# Galois extension and Tensor product

The following theorem is proved in Bourbaki's algebra. They use the technique of Galois descent. I'd like to know the proof without using it if any.

Theorem Let $K$ be a field. Let $\Omega/K$ be an extension. Let $N/K$ and $L/K$ be subextensions of $\Omega/K$. Suppose $N/K$ is a (not necessarily finite) Galois extension and $L \cap N = K$. Then the canonical homomorphism $\psi:L\otimes_K N \rightarrow LN$ is an isomorphism.

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First assume $N/K$ is finite Galois. Then $LN/L$ (inside $\Omega$) is finite Galois and the natural map $\mathrm{Gal}(LN/L)\rightarrow\mathrm{Gal}(N/K)$ is injective with image $\mathrm{Gal}(N/N\cap L)=\mathrm{Gal}(N/K)$, i.e., it is an isomorphism. So, $[LN:L]=[N:K]=\dim_L(L\otimes_KN)$. The map $L\otimes_KN\rightarrow LN$ is surjective in any case because $LN/L$ is algebraic, and since both sides are $L$-vector spaces of the same (finite) dimension, the map is an isomorphism.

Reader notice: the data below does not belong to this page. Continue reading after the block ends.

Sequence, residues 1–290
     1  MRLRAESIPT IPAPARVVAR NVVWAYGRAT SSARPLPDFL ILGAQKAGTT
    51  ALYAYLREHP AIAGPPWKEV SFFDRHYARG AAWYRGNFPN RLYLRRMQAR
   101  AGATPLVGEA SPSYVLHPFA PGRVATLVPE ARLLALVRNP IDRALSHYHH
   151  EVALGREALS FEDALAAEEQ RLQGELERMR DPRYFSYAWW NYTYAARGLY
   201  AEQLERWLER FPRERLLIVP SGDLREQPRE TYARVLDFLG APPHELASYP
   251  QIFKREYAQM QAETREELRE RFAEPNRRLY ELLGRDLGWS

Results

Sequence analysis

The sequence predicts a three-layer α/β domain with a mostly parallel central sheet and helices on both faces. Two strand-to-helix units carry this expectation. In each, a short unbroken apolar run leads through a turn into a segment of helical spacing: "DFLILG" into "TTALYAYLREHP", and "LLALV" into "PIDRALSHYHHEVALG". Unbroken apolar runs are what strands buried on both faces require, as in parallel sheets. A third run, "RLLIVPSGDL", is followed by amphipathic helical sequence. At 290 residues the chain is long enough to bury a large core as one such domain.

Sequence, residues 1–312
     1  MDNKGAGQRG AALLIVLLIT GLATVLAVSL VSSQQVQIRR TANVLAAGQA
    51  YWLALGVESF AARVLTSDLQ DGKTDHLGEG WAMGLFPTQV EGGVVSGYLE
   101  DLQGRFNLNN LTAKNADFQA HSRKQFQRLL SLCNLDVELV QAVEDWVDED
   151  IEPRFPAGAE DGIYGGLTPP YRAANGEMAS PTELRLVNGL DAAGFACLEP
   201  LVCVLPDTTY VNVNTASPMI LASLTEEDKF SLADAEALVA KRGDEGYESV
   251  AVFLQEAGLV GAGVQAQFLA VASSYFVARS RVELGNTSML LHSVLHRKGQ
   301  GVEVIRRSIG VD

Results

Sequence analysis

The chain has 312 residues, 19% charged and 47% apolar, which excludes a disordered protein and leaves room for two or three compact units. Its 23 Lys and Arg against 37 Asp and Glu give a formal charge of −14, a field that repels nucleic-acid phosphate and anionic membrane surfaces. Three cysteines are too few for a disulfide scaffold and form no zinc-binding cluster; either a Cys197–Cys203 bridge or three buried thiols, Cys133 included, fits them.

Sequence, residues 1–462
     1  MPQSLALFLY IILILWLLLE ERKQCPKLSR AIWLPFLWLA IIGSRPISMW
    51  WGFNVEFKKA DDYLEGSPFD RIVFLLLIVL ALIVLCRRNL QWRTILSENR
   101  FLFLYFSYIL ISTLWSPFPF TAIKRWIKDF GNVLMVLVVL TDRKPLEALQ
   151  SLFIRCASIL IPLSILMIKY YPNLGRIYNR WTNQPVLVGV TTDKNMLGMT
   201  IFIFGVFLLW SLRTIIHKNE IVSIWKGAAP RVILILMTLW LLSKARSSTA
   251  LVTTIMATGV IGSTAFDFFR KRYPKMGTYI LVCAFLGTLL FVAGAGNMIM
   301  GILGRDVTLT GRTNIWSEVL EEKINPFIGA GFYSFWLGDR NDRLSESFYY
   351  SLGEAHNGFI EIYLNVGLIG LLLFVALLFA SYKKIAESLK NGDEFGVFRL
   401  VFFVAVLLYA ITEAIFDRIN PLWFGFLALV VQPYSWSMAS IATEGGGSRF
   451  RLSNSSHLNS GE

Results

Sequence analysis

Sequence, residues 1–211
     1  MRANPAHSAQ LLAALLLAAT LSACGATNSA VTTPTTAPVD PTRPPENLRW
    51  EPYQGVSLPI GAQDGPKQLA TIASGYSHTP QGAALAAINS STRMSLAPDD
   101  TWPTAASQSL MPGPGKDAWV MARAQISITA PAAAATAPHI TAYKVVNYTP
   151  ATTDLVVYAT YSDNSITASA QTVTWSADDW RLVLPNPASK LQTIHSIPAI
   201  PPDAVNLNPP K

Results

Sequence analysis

In general, write $N=\bigcup_iN_i$ as a directed union of finite Galois extensions $N_i/K$. Then $L\otimes_KN=\varinjlim L\otimes_KN_i$, $LN=\bigcup_iLN_i$, and $L\otimes_KN\rightarrow LN$ can be identified with the direct limit of the isomorphisms $L\otimes_KN_i\cong LN_i$, and so is itself an isomorphism.
To see that $LN=\bigcup_iLN_i$, first observe that the RHS is clearly contained in the LHS. Conversely, if $\alpha\in LN$, then $\alpha$ is a polynomial (with coefficients in $L$) in elements $\beta_1,\ldots,\beta_r\in N$. If $i$ is such that $\beta_j\in N_i$ for all $j$, then $\alpha\in LN_i$.